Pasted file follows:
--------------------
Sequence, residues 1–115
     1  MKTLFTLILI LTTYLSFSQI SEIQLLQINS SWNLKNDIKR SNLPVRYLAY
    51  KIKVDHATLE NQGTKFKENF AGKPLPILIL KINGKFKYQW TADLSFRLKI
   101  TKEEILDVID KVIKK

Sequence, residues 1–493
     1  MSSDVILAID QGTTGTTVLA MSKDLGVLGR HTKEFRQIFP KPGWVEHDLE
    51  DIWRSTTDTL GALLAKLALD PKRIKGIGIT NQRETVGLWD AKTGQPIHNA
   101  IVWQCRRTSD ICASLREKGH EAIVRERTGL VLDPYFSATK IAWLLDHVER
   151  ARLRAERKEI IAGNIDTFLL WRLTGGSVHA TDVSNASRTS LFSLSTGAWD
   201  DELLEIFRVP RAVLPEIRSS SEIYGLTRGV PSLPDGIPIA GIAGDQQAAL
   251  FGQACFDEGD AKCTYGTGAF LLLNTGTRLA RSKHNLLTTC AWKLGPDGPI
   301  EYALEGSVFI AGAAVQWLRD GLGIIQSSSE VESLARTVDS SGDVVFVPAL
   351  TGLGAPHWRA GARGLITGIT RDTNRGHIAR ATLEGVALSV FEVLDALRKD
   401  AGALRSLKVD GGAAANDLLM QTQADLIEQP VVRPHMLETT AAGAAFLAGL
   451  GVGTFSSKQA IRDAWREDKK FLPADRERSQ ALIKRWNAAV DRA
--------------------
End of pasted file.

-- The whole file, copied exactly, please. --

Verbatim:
Sequence, residues 1–115
     1  MKTLFTLILI LTTYLSFSQI SEIQLLQINS SWNLKNDIKR SNLPVRYLAY
    51  KIKVDHATLE NQGTKFKENF AGKPLPILIL KINGKFKYQW TADLSFRLKI
   101  TKEEILDVID KVIKK

Sequence, residues 1–493
     1  MSSDVILAID QGTTGTTVLA MSKDLGVLGR HTKEFRQIFP KPGWVEHDLE
    51  DIWRSTTDTL GALLAKLALD PKRIKGIGIT NQRETVGLWD AKTGQPIHNA
   101  IVWQCRRTSD ICASLREKGH EAIVRERTGL VLDPYFSATK IAWLLDHVER
   151  ARLRAERKEI IAGNIDTFLL WRLTGGSVHA TDVSNASRTS LFSLSTGAWD
   201  DELLEIFRVP RAVLPEIRSS SEIYGLTRGV PSLPDGIPIA GIAGDQQAAL
   251  FGQACFDEGD AKCTYGTGAF LLLNTGTRLA RSKHNLLTTC AWKLGPDGPI
   301  EYALEGSVFI AGAAVQWLRD GLGIIQSSSE VESLARTVDS SGDVVFVPAL
   351  TGLGAPHWRA GARGLITGIT RDTNRGHIAR ATLEGVALSV FEVLDALRKD
   401  AGALRSLKVD GGAAANDLLM QTQADLIEQP VVRPHMLETT AAGAAFLAGL
   451  GVGTFSSKQA IRDAWREDKK FLPADRERSQ ALIKRWNAAV DRA